Sunday, September 11, 2016

Injustice, Recycled

Extradited paramilitary leader Salvatore Mancuso.
The New York Times has this long and detailed piece about the light punishments received by many of the far-right paramilitary leaders who demobilized in the mid-2000s and were extradited to United States prisons.

The story makes a strong point: these guys, who may have smuggled tons of cocaine - not to mention ordering massacres, rapes, kidnappings and forced displacements - have gotten shorter sentences than some streetcorner pushers. (Here's ex-Pres. Uribe's response to the story.)

The story, however, is a bit narrow. While the paras' sentences are scandalously short, in the U.S. they did more time on drug charges than they would have back in Colombia for crimes, including crimes against humanity, under the infamous Justice and Peace Law. And, in theory, the death squad leaders are supposed to be returned to Colombia to be prosecuted for their non-drug crimes, altho the Times reports that many have obtained residency in the U.S., apparently as payback for revealing their cocaine smuggling secrets.

As a result, crimes such as massacres, kidnapping, rape and forced displacement, may never be punished at all.
A paragraph from the New York Times story listing some of Mancuso's alleged crimes.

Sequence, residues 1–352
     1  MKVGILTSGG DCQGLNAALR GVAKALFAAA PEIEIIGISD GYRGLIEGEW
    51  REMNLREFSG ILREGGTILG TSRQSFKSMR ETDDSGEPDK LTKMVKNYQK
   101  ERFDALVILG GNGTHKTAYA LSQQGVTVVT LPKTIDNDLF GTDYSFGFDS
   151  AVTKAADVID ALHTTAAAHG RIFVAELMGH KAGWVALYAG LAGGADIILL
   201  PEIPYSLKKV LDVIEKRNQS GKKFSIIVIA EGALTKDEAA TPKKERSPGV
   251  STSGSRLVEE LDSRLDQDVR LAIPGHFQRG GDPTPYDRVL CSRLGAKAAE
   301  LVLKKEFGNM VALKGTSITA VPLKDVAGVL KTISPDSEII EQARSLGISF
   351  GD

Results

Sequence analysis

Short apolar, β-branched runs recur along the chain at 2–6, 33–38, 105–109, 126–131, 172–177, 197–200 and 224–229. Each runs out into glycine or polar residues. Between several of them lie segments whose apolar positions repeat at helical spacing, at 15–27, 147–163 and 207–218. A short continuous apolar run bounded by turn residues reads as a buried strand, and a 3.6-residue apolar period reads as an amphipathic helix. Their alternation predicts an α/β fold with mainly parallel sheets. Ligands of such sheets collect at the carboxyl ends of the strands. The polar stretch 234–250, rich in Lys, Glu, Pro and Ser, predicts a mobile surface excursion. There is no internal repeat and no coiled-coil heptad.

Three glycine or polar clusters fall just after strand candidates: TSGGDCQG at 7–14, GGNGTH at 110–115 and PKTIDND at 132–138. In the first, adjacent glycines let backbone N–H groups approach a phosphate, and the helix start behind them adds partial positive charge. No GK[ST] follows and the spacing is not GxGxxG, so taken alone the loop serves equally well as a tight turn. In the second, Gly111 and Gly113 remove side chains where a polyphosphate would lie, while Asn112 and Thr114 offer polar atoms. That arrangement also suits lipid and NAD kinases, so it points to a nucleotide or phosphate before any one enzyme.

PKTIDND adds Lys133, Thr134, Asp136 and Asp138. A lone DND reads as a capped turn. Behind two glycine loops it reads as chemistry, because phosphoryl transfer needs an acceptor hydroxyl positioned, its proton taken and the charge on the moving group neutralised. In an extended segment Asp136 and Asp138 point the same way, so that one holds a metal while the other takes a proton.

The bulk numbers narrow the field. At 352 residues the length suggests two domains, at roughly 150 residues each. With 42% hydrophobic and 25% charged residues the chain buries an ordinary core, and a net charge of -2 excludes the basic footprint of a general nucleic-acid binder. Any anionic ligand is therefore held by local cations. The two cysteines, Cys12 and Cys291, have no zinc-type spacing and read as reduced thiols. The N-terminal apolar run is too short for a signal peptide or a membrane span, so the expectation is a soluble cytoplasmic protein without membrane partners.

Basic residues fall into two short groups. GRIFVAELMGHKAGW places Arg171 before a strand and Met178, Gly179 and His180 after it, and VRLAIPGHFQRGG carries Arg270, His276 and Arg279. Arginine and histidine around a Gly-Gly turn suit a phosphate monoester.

Impunity? Aftermath of the massacre of Bojayá, in which a
FARC missile  landed on the town's church, klling more than
a hundred women and children hiding inside.
But the biggest scandal here, in the eyes of many, is that Colombia is about to do it all over again with the FARC guerrillas. The FARC have also committed horrendous crimes and human rights abuses, if perhaps not on the same scale as the paramilitaries', and under the peace agreement their leaders can not be extradited and will not even go to prison, as long as they confess what they've done. Instead, they'll get 'special detention,' a vague term likely to mean restricting them to a specific municipality.

And FARC members guilty of crimes against humanity, as long as they have confessed, will even be eligible to serve in Congress in one of the FARC's ten guaranteed seats.

None of which is to say that the FARC-government peace deal is not a good thing. However, political leaders should be careful that the FARC deal does not follow the paramilitaries down a path of injustice.

By Mike Ceaser, of Bogotá Bike Tours

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